In The Dark Shadows Of History – Nightmare At The Rapido

 
undesarchiv, Bild 146-2005-0004 / Wittke / CC-BY-SA 3.0
undesarchiv, Bild 146-2005-0004 / Wittke / CC-BY-SA 3.0
 
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January 20-22, 1944

It was the dead of winter in January of 1944. In the space of 48 hours, the 36th Division would lose over 2,000 men in an ill-fated attempt to cross the Rapido River. This would become one of the most controversial battles of WWII.

The battle became so controversial that, after the war, a congressional hearing was held to determine if actions should be taken against those who had been in command of a unit that lost so many American lives.

There were those who chose to forget the failures of the river crossing in the Cassino Valley. But the men of the 141st and 143rd Regiments of the 36th Infantry Division who survived the Rapido River Crossing never forgot.

First Battle: Plan of attack. Photo: Kirrages / CC BY-SA 3.0
First Battle: Plan of attack. Photo: Kirrages / CC BY-SA 3.0

Winston Churchill had convinced President Roosevelt that the road to victory against Germany was through Italy, the soft underbelly of Hitler’s Fortress Europe. North Africa had been secured, and General Patton had won the race across Sicily to secure the island. The Italian mainland now stared across the Strait of Messina.

Joseph Stalin (left), Franklin D. Roosevelt (middle), and Winston Churchill (right) at the Soviet Embassy in Teheran, Iran.
Joseph Stalin (left), Franklin D. Roosevelt (middle), and Winston Churchill (right) at the Soviet Embassy in Teheran, Iran.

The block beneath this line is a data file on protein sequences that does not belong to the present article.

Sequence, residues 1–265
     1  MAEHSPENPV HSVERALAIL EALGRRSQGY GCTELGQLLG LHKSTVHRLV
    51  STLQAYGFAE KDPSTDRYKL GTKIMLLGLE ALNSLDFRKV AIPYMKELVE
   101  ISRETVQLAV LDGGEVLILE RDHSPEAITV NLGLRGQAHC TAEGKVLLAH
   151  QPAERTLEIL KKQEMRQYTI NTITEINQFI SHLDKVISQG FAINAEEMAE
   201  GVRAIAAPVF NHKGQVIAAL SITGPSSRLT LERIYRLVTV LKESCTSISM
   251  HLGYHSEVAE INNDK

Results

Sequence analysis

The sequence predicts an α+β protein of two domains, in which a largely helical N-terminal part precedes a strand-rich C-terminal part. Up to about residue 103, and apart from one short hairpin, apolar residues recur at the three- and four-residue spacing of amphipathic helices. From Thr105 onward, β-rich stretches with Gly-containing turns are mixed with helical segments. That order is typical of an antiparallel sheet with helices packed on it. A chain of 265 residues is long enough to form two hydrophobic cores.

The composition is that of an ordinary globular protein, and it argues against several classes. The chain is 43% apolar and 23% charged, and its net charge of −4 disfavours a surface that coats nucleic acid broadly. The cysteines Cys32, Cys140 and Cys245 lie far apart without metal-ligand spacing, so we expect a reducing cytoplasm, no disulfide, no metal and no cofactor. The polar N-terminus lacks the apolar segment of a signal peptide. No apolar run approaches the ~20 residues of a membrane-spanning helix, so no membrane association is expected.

Lt. General Mark Clark had risen quickly through the ranks. He had been given command of the 5th Army. With a bullseye marked on the Italian mainland, Allied Command devised Operation Avalanche, an amphibious landing at Salerno Italy.

As a cadet at West Point in 1913, Clark befriended a cadet sergeant named David Eisenhower. This friendship would serve both men well into their military careers.

American General Mark Wayne Clark.
American General Mark Wayne Clark.

Clark had served in the first Great War against Germany. Just hours after arriving at the front lines in France, Clark was wounded by an artillery shell and evacuated. After the war, Clark was serving at Fort Lewis, Washington when he ran into Lt. Colonel Eisenhower.

Eisenhower had just arrived from the Philippines where he had been serving as an assistant to General Douglas MacArthur. He was looking to get out of what he felt was a dead-end job as an assistant to a high profile general.

After Eisenhower returned to the Philippines, he wrote to Clark often, and Clark arranged for Eisenhower’s “escape” from the Philippines.